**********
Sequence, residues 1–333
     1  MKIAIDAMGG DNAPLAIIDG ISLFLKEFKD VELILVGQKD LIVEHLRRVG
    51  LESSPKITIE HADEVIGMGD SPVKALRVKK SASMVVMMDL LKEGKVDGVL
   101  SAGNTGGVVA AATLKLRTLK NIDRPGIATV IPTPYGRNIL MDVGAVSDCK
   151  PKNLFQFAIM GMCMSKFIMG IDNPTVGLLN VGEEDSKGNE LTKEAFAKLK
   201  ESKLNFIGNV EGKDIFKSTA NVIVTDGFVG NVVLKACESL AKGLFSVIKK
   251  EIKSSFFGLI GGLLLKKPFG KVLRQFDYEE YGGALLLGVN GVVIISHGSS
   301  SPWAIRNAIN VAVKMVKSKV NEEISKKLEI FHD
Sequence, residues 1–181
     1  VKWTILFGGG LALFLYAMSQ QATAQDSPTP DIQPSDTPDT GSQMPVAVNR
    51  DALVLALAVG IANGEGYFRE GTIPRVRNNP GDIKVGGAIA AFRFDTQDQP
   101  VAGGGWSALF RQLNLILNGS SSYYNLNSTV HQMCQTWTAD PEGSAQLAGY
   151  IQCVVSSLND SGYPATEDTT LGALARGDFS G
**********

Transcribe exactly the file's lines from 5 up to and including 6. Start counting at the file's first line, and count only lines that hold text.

   151  PKNLFQFAIM GMCMSKFIMG IDNPTVGLLN VGEEDSKGNE LTKEAFAKLK
   201  ESKLNFIGNV EGKDIFKSTA NVIVTDGFVG NVVLKACESL AKGLFSVIKK